“So, you can call them for the demand-response, or you can go online—btd.org. Then, the fixed-route bus services—you can find out more about those at btd.org, as well. As of right now, there aren’t any known public transit services in Jasper, Newton, Sabine, San Augustine, Shelby or Tyler counties.”

    Cunningham continued, “So, those counties don’t have the bus services from BTD or any others that we know at this point, which is why we’re having these meetings. We’re having the meetings so that we can learn of anybody that is providing transit services to veterans—to anybody, really.

    “So, that’s really the whole purpose of these meetings that we’ve been having in each of the 12 counties that makeup DETCOG. We go out in the communities; we ask people if there are people providing that services. We’re making sure that people have the information that they need and making sure we can get to the information so that we can pass it on to TxDOT so they can have it as well.”

    Cunningham added, “There are a few providers, like Nacogdoches has a taxi service and Lufkin has a couple of services, as well. But BTD is the main public transit.”

    He said the main needs DETCOG and BTD staffers have heard about in the region are medical needs and veterans’ needs, but he was not aware of any in Houston County. “That’s why we’re holding these (public meetings) so that we can hear from the public; so that anybody that has unmet needs, anybody that has ideas of needs, they can go through.”

    The Houston County public meeting was DETCOG’s ninth one, Cunningham said. Meetings also were held last week in Angelina, Trinity and three other counties. Meetings were held in the six other DETCOG region counties week before last.

    The message Cunningham said he would like to distribute to residents in the region is “just if they know of needs and have ideas of what can be used, to contact us—to reach out to us—and we can pass that along. We want to be able to provide as much help as we can—just to get the word out and to make sure that they can get that (help). We’re here to make sure that we can get that feedback. We are required to have the meetings, but we just can’t stress enough that people need to reach out with anything they’ve got.”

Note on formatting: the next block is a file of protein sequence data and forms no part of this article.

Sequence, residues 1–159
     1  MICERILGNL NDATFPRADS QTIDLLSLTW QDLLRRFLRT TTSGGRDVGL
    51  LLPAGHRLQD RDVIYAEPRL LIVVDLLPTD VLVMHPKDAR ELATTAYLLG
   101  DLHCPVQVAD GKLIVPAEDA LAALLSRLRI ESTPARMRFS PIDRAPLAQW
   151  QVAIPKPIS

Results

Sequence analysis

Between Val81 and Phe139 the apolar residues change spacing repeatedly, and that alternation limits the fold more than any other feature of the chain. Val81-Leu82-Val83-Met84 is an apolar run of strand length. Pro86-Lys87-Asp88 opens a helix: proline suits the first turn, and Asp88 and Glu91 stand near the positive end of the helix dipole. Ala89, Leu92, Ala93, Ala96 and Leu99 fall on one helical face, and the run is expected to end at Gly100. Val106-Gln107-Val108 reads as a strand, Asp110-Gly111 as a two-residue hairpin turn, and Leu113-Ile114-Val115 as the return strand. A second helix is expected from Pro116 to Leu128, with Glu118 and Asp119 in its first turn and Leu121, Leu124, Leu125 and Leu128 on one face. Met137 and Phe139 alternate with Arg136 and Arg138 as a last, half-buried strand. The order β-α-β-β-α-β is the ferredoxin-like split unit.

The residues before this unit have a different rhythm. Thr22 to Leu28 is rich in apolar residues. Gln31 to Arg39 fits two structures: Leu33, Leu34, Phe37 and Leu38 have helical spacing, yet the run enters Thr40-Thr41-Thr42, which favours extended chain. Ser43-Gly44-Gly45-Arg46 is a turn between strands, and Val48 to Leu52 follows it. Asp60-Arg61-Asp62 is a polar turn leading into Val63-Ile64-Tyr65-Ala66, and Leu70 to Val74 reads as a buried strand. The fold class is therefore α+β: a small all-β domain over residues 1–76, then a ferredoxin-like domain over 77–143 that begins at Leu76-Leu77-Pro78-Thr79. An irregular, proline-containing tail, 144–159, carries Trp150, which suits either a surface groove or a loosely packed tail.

Jo Marlow, of Bryan, BTD’s vice president for marketing and communications, who was present at the Houston County meeting and attended several others, according to Cunningham, confirmed Cunningham’s statement that Brazos Transportation District provides transit services in several counties in the region.

    “We provide a demand-response service. It’s a door-to-door service where people can—we would pick them up from one location and take them to another location. Here in Crockett, the majority of our transit needs are mainly medical—people getting to and from doctors’ appointments or hospital visits—something like that—or a pharmacy.

    “Our services are available to anybody,” said Marlow. “You don’t have to be disabled to use it. We’ll take you anywhere you’ve gotta go within Houston County.”

    To request BTD’s services, a person must first fill out a short application; “and then, if you want to call or schedule a ride, we’re going to need your pick-up location and your drop-off location, and if you’re going to an appointment or something, we need to know what time you need to be there,” Marlow said.

    The phone number to dial to request services is 979-778-0607, BTD’s main office number, and the caller will be transferred to its dispatch office to talk to a dispatcher to get setup for their trip, she said. “You can call up to a week in advance. As soon as you know when you’ve got an appointment, I would suggest calling because we do fill up pretty fast.

    “We do offer same-day service, but that’s just based on availability if we have the space and the drivers available, but I would suggest that you do it as soon as you can.”

  • Weatherford named to Burke board

    Bryan Weatherford 020421 copyMUGSHOT Tyler County Sheriff Bryan Weatherford

    By Chris Edwards

    WOODVILLE – Tyler County Sheriff Bryan Weatherford was named to the Burke Board of Trustees as an ex-officio, or non-voting, member.

    The Burke network services the 12-county deep East Texas region, serviced by the Deep East Texas Council of Governments (DETCOG) and provides mental health services. Weatherford, along with another law enforcement leader, Sheriff Jason Bridges of Nacogdoches County, were named to the board, with appointments resulting from Senate Bill 632 of the 86th Texas Legislature.

    The bill promotes cooperation between local mental health authorities and law enforcement by appointing sheriffs or sheriffs’ representatives, to their local governing boards as non-voting members.

    “I am honored to have been elected to serve as a Burke Center Trustee,” said Weatherford. “This position will allow me the opportunity to represent not only Tyler County, but all 12 counties in the DETCOG region.”

    According to a news release from the Burke organization, Weatherford was appointed to represent the smaller counties of the region and Bridges will represent the larger ones.

    “I want to make sure the citizens of Tyler County and East Texas continue to receive the necessary mental health care treatment,” said Weatherford.

    The Burke network was established in 1974 as the Deep East Texas Mental Health and Mental Retardation Services, as a 501 (c)(3) non-profit organization, which is governed by a nine-member Board of Trustees.

    The network has grown from a small organization, which offered limited services, into a major behavioral health provider, which serves more than 5,000 people annually, through a variety of services, according to its website.